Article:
2. Approximate any $f$ by functions satsifying step 1.

Most of the work seems to be a part of Step 1 that vaguely sounded like the Jordan curve theorem:

Key Fact. Let $X$ be a connected, compact, locally path-connected metric space with zero first homology. For an open subset $U$, inclusion induces a bijection between the connected components of $\partial U = \bar{U} \smallsetminus U$ and those of $X \smallsetminus U$.

Proof of Key Fact: Mayer-Vietoris and some point-set debris

Given $\epsilon > 0$, let $U_\epsilon$ be the set of points less than $\epsilon$ away from the closure $\bar{U}$ of $U$; and let $V_\epsilon$ be the set less than $\epsilon$ away from $X \smallsetminus U$. The Mayer-Vietoris sequence in reduced homology ends with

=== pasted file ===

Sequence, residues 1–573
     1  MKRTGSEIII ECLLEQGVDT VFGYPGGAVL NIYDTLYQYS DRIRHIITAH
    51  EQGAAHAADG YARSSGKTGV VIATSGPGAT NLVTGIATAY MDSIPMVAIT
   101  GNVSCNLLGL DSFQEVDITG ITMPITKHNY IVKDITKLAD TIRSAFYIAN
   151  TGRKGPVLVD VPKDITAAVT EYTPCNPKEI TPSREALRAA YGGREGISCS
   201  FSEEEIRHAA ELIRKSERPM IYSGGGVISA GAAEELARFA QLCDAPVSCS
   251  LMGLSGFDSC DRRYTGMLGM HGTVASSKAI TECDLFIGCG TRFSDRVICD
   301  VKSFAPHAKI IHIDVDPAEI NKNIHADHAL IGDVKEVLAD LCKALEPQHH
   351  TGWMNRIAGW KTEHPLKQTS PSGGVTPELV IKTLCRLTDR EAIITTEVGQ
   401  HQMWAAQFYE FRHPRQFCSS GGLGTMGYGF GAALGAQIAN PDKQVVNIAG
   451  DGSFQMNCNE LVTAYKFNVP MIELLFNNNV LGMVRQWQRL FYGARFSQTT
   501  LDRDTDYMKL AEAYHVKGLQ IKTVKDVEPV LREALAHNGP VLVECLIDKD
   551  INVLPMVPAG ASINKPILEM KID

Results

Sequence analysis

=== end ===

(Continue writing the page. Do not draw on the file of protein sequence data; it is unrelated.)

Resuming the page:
$$ H_1(X) \to \tilde{H}_0(U_\epsilon \cap V_\epsilon) \to \tilde{H}_0(U_\epsilon) \oplus \tilde{H}_0(V_\epsilon) \to \tilde{H}_0(X) , $$

which gives a bijection between the path components of $U_\epsilon \cap V_\epsilon$ and those of $V_\epsilon$. Pass to connected components of their closures using:

  1. A connected open set $W$ in a locally path-connected space is path-connected.

    Proof. Each point of $W$ is has a path-connected open neighborhood in $W$; so the path components form a partition of $W$ by open sets.

  2. The closure of a connected open set $W$ is connected.

    Proof. In a partition of $\bar{W}$ by clopen subsets, whichever one contains $W$ contains $\bar{W}$.

Then send $\epsilon$ to $0$. That is, since